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A dim law? Imagine Times Square without billboards

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If you had to classify the streets that run through Times Square — Seventh Avenue and Broadway— what would you call them? Streets? Avenues? “Principal arterials,” perhaps?

Onlookers take photos in Times Square.

Onlookers take photos in Times Square.

If you guessed the last answer, you must be up on your transit taxonomy.

The name matters because how city streets are classified has big implications in the eyes of the federal government. When the federal law called Moving Ahead for Progress made “principal arterials” into highways, Broadway and Seventh Avenue became highways. And that in turn puts most of the billboards in Times Square, at least technically, in violation of the Highway Beautification Act of 1965. By law, the city could lose federal funding if the billboards don’t come down.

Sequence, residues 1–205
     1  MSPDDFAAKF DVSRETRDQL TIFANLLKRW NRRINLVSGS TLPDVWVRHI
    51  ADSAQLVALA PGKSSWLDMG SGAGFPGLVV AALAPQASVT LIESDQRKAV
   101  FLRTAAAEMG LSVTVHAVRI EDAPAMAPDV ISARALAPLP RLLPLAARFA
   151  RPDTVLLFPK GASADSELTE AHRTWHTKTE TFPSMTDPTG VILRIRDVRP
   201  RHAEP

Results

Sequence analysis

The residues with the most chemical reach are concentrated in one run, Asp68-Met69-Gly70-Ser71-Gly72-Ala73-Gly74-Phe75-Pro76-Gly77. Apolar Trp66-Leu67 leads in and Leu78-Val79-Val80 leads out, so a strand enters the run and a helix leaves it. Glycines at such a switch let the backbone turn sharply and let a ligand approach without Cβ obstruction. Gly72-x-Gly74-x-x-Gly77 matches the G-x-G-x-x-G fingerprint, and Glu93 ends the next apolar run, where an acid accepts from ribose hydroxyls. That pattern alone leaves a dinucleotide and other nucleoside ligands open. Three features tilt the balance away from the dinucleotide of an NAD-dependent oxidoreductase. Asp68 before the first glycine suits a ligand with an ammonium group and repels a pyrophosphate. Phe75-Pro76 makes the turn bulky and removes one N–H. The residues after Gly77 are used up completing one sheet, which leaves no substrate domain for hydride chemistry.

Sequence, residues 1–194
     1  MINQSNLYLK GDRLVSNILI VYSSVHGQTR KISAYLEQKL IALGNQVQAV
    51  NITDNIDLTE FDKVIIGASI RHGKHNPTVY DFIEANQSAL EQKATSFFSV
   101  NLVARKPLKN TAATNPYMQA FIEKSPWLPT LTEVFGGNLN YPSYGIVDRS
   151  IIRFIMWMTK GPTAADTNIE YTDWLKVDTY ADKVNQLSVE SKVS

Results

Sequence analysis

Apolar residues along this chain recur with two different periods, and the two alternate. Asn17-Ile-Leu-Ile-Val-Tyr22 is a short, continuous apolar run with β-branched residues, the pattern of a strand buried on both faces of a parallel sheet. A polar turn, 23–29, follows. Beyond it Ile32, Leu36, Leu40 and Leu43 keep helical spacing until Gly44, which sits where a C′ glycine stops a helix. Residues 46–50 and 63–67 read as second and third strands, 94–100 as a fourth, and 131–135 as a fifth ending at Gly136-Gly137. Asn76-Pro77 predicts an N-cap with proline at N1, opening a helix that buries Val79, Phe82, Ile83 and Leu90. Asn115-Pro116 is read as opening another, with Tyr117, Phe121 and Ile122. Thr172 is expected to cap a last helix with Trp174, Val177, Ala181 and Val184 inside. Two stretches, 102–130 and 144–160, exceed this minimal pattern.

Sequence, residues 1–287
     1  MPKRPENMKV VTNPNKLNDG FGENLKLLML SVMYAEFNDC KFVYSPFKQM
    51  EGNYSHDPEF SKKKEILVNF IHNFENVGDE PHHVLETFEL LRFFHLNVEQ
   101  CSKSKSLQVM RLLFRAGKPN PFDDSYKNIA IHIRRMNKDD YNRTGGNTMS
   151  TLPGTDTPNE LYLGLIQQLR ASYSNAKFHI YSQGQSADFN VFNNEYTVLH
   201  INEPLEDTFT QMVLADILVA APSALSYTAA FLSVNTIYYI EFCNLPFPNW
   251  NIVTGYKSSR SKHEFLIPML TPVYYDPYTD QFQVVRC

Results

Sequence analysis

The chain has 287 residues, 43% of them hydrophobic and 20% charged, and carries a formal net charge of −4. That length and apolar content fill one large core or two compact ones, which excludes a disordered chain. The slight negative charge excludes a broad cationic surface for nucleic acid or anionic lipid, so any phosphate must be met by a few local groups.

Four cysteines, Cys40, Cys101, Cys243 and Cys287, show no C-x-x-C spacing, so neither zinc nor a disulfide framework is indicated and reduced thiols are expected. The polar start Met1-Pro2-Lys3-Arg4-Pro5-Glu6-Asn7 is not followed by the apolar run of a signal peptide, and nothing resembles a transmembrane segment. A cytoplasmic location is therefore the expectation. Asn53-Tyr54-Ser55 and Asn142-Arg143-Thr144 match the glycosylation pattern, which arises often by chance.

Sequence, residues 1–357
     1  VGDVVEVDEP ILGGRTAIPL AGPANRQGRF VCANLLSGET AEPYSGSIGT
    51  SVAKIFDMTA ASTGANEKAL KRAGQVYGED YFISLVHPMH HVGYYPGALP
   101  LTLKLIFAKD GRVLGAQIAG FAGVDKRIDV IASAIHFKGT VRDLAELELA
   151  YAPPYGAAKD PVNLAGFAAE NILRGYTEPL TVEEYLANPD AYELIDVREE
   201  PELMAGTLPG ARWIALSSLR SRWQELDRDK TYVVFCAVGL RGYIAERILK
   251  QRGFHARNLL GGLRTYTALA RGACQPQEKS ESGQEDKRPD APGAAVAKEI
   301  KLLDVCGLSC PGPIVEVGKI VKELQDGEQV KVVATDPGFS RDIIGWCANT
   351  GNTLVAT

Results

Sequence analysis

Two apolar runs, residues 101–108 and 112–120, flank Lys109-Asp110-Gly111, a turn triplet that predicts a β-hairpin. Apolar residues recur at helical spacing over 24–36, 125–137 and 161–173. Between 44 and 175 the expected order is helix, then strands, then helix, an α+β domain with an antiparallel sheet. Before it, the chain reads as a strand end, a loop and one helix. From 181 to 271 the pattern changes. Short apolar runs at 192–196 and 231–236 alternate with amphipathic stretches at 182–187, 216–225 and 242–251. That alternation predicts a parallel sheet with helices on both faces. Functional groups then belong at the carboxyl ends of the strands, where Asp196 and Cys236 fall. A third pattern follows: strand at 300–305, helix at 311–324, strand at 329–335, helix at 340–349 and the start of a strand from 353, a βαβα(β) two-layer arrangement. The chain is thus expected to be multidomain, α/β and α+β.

But city, state and federal officials say they’re looking for a solution to keep the billboards.

New York University professor Mitchell Moss calls it a “bureaucratic hiccup.”

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